Legal issues are not only the elephant in the room in the problem of escalating costs in health care, though they may be the biggest anchor on growth in business in America today.  Malpractice costs are huge.  The costs associated with trying to avoid malpractice are huge.  Settlements in malpractice frequently look like misprints.  Most physicians are well aware that each patient encounter is a potential lawsuit.  They gear their practice patterns accordingly, and costs skyrocket as a result.

And physicians are usually small businessmen.  As such, they are susceptible to the  insanities of the  EEOC laws.  Have you ever fired anyone for what you felt, as his boss, was a justifiable reason without first thinking of the EEOC?  Of course not, especially if that employee was a woman or a minority.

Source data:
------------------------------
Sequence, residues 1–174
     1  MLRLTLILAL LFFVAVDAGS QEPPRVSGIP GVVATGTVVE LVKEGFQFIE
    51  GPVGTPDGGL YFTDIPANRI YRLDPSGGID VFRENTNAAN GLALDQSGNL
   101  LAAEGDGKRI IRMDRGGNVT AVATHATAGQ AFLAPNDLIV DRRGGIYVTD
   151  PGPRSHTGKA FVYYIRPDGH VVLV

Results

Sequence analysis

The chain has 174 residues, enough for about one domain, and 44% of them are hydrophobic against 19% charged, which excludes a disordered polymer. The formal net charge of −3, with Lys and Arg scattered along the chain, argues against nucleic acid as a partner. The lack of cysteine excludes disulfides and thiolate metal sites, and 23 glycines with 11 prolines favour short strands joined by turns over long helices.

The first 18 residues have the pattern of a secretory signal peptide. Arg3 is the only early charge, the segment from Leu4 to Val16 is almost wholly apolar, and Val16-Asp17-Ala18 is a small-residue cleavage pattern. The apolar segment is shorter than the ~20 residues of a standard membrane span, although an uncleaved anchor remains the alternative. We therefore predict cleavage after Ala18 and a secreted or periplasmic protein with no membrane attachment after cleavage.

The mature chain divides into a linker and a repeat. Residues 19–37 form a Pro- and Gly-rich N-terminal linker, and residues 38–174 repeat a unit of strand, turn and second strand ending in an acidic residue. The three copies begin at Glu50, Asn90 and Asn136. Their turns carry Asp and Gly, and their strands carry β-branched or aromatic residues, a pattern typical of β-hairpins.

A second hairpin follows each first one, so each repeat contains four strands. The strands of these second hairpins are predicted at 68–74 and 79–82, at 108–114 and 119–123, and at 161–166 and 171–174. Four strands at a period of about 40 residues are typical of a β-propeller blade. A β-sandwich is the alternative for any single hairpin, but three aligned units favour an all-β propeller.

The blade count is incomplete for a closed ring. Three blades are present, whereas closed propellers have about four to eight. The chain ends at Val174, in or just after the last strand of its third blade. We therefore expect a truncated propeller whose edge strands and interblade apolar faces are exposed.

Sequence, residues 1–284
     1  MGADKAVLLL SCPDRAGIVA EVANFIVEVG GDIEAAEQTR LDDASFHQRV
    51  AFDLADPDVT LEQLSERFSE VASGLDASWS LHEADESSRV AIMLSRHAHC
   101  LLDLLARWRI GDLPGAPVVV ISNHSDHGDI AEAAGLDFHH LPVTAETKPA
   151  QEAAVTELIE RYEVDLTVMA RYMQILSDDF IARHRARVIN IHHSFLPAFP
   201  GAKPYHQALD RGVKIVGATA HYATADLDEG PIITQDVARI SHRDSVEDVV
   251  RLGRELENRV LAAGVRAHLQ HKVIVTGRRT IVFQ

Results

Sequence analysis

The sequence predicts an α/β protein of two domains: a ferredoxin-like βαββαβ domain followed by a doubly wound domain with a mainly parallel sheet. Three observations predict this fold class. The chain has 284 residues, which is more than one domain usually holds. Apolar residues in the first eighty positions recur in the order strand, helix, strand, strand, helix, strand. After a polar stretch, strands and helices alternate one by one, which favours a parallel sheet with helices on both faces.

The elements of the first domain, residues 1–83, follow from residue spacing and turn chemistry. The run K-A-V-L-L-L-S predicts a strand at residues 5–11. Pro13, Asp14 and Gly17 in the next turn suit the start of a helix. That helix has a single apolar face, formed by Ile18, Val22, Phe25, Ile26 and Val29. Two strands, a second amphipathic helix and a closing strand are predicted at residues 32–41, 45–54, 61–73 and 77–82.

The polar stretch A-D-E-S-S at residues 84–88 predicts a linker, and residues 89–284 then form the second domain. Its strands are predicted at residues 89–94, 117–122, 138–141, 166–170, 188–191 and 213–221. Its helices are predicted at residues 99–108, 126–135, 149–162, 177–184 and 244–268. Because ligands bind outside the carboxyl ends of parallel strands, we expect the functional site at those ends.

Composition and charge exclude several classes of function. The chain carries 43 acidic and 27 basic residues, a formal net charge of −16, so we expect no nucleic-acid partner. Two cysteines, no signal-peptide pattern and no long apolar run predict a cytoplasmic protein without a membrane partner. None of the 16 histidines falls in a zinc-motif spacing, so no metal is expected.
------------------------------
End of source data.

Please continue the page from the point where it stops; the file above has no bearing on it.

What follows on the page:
The so called "American Rule" of both sides being responsible for the costs incurred in a lawsuit came out of the War of 1812.  The Treaty of Paris allowed English creditors access to sue for debts owed by Americans.  The states in America responded by requiring that the British pay their own court costs when pursuing payment.  Hence, no more "loser pays" in the courts of the U.S., as it was, and still is, in the rest of the civilized world.  And how well this system has paid off for lawyers is shocking.  Bringing a viable case to trial is now so expensive that settlements in six figures are considered a bargain.  So that little bit of "spitting in the eye" of the Brits, that weaseling out of paying our debts, has permanently screwed us as a nation of businessmen.

Everyone knows that our Legal-Lotto system is costing us too much.  Yet ObamaCare does nothing to address the problem.  I believe that it would be reasonable, especially given the dire issues related to costliness in medicine, to finally face true tort reform as a means of bringing down these costs.